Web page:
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Science & Technology

October 23, 2006
Volume 84, Number 43
Web Exclusive

Papermaking

Pulp Art Becomes Her

Ivan Amato

As she segued from a long career as a chemistry professor at Wellesley College in Massachusetts into her retirement in 2002, Margaret V. Merritt, a papermaker since 1998, already had begun melding her twin interests in science and art into her teaching. In some of her last courses at Wellesley, Merritt, now professor emerita of chemistry, had her students make their own pigments and then paint with them.

Now she has traded in her chromatographs and mass spectrometers for papermakers' materials and techniques. The move, she says, reflects "a love for the liberating and creative power of hands-on work" that she learned from her late undergraduate chemistry professor, Ted Williams, at the College of Wooster. Williams, a master teacher, was remembered in September at the American Chemical Society's national meeting in San Francisco in a symposium in his honor.

Commissioned by the Dartmouth-Hitchcock Medical Center, one of Merritt's more ambitious handiworks, created in collaboration with stone lithographer Anita C. Dillman, now hangs in DHMC's Norris Cotton Research Center in Lebanon, N.H. It's called "Soaring."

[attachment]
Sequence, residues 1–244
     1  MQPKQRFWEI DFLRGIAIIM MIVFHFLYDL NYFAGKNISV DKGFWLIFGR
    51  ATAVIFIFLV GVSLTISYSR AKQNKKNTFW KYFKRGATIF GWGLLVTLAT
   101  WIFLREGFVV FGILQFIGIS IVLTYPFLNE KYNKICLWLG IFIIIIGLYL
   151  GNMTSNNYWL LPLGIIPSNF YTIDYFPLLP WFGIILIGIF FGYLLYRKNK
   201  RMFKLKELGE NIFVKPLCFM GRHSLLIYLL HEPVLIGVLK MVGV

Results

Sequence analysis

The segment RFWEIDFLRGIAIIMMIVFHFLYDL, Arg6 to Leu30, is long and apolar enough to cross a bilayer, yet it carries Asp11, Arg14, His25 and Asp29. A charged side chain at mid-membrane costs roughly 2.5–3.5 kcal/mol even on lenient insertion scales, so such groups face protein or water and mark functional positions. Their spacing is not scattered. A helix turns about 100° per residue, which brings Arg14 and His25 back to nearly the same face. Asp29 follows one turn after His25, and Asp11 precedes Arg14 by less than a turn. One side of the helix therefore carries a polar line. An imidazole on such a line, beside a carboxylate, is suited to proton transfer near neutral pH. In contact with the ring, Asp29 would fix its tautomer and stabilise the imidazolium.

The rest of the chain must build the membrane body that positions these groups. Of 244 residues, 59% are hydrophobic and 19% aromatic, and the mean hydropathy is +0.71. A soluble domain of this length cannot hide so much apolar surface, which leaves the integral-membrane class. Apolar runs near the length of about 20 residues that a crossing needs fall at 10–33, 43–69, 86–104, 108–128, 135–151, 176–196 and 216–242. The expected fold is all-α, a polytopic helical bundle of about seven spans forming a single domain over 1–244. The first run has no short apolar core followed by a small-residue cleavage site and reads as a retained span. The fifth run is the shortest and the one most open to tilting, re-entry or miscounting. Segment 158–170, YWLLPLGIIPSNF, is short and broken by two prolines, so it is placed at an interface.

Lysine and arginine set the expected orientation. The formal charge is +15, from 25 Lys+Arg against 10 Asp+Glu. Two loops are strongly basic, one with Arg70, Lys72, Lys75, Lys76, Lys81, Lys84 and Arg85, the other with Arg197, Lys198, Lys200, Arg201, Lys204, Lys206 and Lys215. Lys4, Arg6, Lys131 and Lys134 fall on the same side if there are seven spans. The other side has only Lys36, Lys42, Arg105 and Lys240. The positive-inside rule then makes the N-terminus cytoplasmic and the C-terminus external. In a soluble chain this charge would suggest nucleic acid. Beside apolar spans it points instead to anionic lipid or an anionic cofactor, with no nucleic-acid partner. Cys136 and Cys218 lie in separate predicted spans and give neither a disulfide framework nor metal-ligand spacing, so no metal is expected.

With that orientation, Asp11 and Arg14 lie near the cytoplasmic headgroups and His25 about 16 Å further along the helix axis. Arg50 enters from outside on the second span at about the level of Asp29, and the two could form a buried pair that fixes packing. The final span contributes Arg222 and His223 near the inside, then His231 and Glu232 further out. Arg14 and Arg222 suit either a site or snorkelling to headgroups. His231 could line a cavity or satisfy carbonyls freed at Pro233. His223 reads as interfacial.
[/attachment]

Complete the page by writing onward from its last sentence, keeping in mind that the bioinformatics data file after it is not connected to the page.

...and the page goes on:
Just as scientific research is a collaborative effort, so too was the making of this three-paneled work, whose imagery celebrates the collaboration, intellectual play and creativity, and hope that biomedical researchers muster as they strive to convert ideas about disease and medicine into concrete therapies.

To create the piece, Merritt made translucent paper sheets, somewhat like rice paper, using a pulp of cellulose fibers from the inner bark of the paper mulberry, or kozo, plant. She sent some sheets to Dillman, who used stone lithographic techniques to print onto them hands (based on enlarged photocopies of Merritt's own hands) and drawings of children and branches. Merritt then overlaid these elements onto window-sized paper sheets on which she created landscape features with a technique called "pulp painting" that involves colored paper pulp and a turkey baster.

"Studio art is not so different from laboratory science, because what you are doing is connecting mind with hand," Merritt says.

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Chemical & Engineering News
ISSN 0009-2347
Copyright © 2011 American Chemical Society

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